Potluck Fun and Week 2
Welcome back, it’s Week 2. Thanks to all of you who made the potluck – the weather cleared, lots of kids, and we had a great spread. Many of you meeht the goats – you are their first social interaction. I herd they hammed it up, see picture below. This one and other pictures are up on the Willowsford Farm Facebook group page. We had a great time and hope you did, too. Save Sunday, September 19th for the next one.
We’re still hanging on waiting for strawberries to ripen, but we have a nice spring share for you this week. Your greens are collards or kale; if the leaves are smooth and rounded you have collards, if they are somewhat red-veined and lobed, they are kale. Kale and collard greens are closely related and similar in taste and texture. They are a cool weather crop and one of the crops that benefited from last week’s frost, which turned them sweeter than before.
Perpetual Ocean Garlic Mystery and Question of the Week
You’ll also see what looks like two large scallions. This is spring garlic. Remember, garlic is planted in late fall and comes up in spring as a sturdy little shoot, a strong leaf that can push through mulch and soil to find sunlight. That old garlic in the pantry next your old onions, the one with the green shoot coming out of the top? That’s what we’re talking about – that garlic clove is an energy-pack for next year’s plant to start out eating until the soil warms up and its new leaves start photosynthesizing. It grows up in spring looking like the plant in your box. Soon it will start bulbing at the bottom and then it will send up its flower stalk, its scape, which we also like to harvest. All this time days are getting longer until the summer solstice, when it starts to dry down, the bulbs separating and each leaf becoming a layer of skin that will need to be peeled.
I’ll admit I hesitate to harvest spring garlic this early. Not because it doesn’t taste good – this might be my favorite garlic, it’s earthy like ramps, and doesn’t have the kick it has when more mature. It’s versatile, too; the leaves, while fibrous and not something to eat raw, can be cooked down to add flavor to a soup or stock. More that I like the payback on a mature head of garlic: plant one clover, get eight in return (plus the scapes!).
But there’s a little mystery in the process and it’s worth witnessing. The magic here is the bulbing and drying process: I see when the bulb gets big, and the cloves start to become distinct. If you slice open the thing in June you can see them, they look like eight ocean gyres on the NASA “perpetual ocean” video. The center of the gyre is next year’s shoot. But how does a shoot get there? How do the peels evolve? How do the leaves become a wrapper for each clove? So to share the wonder of the mahna mahna, there is spring garlic in the share this week.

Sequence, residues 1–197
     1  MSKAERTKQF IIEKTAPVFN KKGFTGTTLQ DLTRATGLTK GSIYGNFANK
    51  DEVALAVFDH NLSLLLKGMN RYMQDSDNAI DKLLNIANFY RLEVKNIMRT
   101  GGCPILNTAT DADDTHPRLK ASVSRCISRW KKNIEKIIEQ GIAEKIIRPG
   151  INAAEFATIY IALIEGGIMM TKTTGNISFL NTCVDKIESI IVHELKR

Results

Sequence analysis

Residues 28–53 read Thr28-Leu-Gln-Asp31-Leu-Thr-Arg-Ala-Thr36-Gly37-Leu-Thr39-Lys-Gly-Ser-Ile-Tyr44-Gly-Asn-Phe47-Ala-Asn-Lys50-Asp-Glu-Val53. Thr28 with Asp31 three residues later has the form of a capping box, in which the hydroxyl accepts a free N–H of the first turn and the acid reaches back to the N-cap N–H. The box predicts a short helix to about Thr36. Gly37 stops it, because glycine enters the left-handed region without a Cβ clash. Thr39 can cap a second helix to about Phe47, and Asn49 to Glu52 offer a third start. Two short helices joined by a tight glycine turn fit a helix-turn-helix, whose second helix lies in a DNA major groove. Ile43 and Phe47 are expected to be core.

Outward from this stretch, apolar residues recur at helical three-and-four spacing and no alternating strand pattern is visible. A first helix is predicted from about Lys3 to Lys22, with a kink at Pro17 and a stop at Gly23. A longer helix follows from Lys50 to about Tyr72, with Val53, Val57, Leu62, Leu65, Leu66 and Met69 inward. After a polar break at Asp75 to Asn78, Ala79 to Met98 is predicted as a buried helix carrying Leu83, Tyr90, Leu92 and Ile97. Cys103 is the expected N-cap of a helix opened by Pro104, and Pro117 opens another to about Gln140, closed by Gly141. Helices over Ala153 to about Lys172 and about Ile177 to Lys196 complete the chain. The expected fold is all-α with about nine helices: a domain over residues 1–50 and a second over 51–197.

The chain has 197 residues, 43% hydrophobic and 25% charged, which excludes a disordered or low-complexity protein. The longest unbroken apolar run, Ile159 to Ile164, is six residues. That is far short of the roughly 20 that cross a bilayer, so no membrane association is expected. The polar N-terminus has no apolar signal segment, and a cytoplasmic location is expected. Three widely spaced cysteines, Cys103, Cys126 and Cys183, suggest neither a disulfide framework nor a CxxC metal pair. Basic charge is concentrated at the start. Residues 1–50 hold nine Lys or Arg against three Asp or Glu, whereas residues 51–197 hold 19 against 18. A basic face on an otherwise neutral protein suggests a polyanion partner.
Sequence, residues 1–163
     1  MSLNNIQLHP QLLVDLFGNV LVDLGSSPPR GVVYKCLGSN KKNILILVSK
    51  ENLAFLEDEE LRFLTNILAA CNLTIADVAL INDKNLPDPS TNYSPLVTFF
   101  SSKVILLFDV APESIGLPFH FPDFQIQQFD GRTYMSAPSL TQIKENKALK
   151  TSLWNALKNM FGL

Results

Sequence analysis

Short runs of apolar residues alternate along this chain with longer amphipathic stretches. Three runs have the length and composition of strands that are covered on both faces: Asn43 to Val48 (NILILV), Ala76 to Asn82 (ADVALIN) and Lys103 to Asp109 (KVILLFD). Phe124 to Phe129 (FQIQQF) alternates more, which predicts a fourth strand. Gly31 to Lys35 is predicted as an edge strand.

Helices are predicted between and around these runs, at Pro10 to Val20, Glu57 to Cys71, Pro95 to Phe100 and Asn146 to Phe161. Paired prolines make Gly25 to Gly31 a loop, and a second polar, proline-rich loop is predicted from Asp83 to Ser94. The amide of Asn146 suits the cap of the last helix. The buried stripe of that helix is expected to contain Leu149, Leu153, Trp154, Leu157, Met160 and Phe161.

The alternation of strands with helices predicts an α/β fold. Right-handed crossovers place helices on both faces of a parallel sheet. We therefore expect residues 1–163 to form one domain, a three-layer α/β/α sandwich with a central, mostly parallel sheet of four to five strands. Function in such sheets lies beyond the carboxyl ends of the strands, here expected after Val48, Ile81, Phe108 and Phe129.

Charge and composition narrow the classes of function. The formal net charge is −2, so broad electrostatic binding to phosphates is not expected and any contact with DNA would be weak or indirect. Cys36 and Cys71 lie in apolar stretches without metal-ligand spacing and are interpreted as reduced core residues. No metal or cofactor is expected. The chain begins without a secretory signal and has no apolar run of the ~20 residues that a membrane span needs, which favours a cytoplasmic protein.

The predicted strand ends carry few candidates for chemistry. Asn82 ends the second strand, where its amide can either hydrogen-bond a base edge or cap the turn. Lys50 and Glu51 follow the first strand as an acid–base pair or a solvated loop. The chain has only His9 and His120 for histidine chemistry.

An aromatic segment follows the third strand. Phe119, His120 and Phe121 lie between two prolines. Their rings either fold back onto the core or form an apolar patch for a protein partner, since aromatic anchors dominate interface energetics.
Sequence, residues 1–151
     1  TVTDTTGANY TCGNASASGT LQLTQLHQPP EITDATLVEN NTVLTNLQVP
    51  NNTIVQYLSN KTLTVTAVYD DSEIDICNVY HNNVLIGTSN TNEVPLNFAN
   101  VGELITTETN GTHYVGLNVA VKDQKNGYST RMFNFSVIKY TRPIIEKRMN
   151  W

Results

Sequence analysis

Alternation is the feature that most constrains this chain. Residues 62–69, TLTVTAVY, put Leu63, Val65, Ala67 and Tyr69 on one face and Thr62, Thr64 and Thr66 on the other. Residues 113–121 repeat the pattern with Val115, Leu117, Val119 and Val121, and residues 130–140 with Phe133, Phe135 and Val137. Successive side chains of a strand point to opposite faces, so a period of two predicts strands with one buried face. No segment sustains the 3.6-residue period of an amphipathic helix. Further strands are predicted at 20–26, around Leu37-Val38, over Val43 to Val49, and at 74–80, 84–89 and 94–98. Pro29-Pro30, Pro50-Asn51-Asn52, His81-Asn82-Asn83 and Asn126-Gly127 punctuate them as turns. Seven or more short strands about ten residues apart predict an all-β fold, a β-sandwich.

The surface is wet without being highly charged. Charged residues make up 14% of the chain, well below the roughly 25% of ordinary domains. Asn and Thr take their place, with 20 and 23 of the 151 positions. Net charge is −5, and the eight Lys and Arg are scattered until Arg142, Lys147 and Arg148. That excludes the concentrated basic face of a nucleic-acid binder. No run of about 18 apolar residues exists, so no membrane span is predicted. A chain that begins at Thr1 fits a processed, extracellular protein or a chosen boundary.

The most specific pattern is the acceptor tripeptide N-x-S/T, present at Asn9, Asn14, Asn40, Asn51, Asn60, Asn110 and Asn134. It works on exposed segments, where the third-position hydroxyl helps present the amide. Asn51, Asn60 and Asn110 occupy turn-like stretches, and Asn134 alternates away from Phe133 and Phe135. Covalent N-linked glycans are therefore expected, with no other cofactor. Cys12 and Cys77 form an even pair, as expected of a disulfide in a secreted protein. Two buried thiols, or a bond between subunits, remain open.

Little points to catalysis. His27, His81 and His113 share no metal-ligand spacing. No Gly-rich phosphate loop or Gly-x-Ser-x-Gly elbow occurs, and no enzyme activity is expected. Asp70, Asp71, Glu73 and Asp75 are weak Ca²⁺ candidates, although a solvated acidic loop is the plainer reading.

(Farm Question of the Week: who first performed the Phenomenon song? Hint: you have to go back to Sesame Street for this one.)
Mushrooms and Radishes
Mushrooms are also in your box this week. We have our own shitake logs growing at the farm, but these come from the growers at Tuscarora Organic Growers cooperative in southern Pennsylvania. Mushrooms are amazing creatures, remarkably good for us, and can taste great. I like cooking them in butter and then adding them to a dish. I know they can be an acquired taste, but they’re one of those things we should be eating a lot more of, so it’s worth learning how to sneak them into dishes. One of the farmers here, Peter, doesn’t like mushrooms, but his girlfriend cuts them up into small pieces, adds them to dinner and then tells him later.
Let us know if you like mushrooms. We plan to raise more of them but they are a long-term crop, and in the meantime we will work with the folks up north to have them at the Farm Stand.
And radishes. Radishes were domesticated in Europe long before the Romans set about conquering the place. They are in the Brassicaea family and cousins to kale, broccoli, cabbage, arugula and turnips. “Radish” comes from the Latin radix for “root,” and their genus name, Raphanus is Greek and means “quickly appearing” – we named our cat after them.
We grow several different varieties: small round ones, long French breakfast radishes, and, in fall, Daikon radish. These last ones are the easiest to use for your Noche de los Rabanos figures. Radishes are rich in vitamins like B6, riboflavin, and ascorbic and folic acids, and in nutrients like potassium, magnesium and calcium. So they’re good for you. And they have a great crunch and spicy flavor – if you like it, slice them up in a salad; if you don’t, try cooking them in butter or oil and eat with ketchup or bbq sauce, like a spicy french fry. And they’re great for pickling.
At the Farm Stand this Saturday: Pantry Must-Haves
Bonnie Moore, Culinary Director at Willowsford, will be available throughout the market to answer questions about kitchen basics. At 11:00 am and again at 1:00 pm Bonnie will be demonstrating and sampling a few simple recipes to help everyone make the most of the fresh spring farm fare. She’ll talk about the flavor secrets behind every great dish and make suggestions for how to stock your pantry with staples to make seasonal cooking a snap.